Kenchester  Herefordshire


In 1870-72, John Marius Wilson's Imperial Gazetteer of England and Wales described Kenchester like this:

KENCHESTER, a parish in the district and county of Hereford; on the Hereford and Brecon railway, 1 mile W by N of Credenhill r. station, and 5½ WNW of Hereford. Post town, Bishopstone, under Hereford. Acres, 533. Real property, £1, 136. Pop., 100. Houses, 23. The property is divided among a few. ...

A Roman station was here, called Magna Castra by Antonine, Kenceastre by the Saxons, and Ariconinm by Camden; and Roman roads went hence to Worcester and Wroxeter. The station occupied upwards of fifty acres; was of irregularly hexagonal outline; and had two openings to the W, and two to the N. Traces exist of small portions of the walls, of a temple at the E, and of a niche of Roman brick and mortar, called "the chair;" and vaults, a hypocaust, an altar, tesselated pavements, urns, coins, and other Roman relics have been found. The living is a rectory in the diocese of Hereford. Value, £182. Patron, the Lord Chancellor. The church is ancient, and measures only 50 feet by 17.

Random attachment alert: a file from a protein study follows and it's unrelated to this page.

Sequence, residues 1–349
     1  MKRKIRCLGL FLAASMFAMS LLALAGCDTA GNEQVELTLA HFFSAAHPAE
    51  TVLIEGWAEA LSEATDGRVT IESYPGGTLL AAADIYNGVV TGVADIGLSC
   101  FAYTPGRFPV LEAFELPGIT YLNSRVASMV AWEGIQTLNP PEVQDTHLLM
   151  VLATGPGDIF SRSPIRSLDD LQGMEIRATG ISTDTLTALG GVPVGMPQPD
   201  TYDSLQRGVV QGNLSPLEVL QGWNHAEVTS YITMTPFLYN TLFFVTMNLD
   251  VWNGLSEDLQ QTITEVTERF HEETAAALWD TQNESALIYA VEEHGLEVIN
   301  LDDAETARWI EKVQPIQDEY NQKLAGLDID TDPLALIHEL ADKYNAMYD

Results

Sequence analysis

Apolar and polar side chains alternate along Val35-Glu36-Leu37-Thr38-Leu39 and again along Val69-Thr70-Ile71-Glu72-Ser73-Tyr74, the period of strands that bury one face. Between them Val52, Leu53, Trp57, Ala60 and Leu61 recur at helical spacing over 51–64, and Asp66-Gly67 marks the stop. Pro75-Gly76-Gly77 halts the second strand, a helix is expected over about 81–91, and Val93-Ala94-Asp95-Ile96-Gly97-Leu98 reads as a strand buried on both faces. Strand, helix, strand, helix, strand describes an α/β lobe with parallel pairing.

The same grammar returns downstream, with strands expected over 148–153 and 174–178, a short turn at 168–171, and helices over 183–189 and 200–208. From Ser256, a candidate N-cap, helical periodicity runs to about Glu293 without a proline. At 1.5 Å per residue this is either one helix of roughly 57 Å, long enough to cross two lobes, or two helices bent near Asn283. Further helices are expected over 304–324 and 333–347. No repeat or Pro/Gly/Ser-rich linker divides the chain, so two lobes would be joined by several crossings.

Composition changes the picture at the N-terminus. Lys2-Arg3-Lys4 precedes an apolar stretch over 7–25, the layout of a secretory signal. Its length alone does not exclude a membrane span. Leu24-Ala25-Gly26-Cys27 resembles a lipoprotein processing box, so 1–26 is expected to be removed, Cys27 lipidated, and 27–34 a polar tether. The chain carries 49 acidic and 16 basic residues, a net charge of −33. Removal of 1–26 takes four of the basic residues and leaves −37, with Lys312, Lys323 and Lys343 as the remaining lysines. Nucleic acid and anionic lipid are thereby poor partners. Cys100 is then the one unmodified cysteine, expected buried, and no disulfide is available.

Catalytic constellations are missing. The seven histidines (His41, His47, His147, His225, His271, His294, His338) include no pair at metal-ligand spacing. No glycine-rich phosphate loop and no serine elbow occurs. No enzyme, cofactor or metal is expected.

Kenchester through time

Kenchester is now part of Herefordshire district. Click here for graphs and data of how Herefordshire has changed over two centuries. For statistics about Kenchester itself, go to Units and Statistics.

How to reference this page:

GB Historical GIS / University of Portsmouth, History of Kenchester in Herefordshire | Map and description, A Vision of Britain through Time.


Date accessed: 18th January 2022

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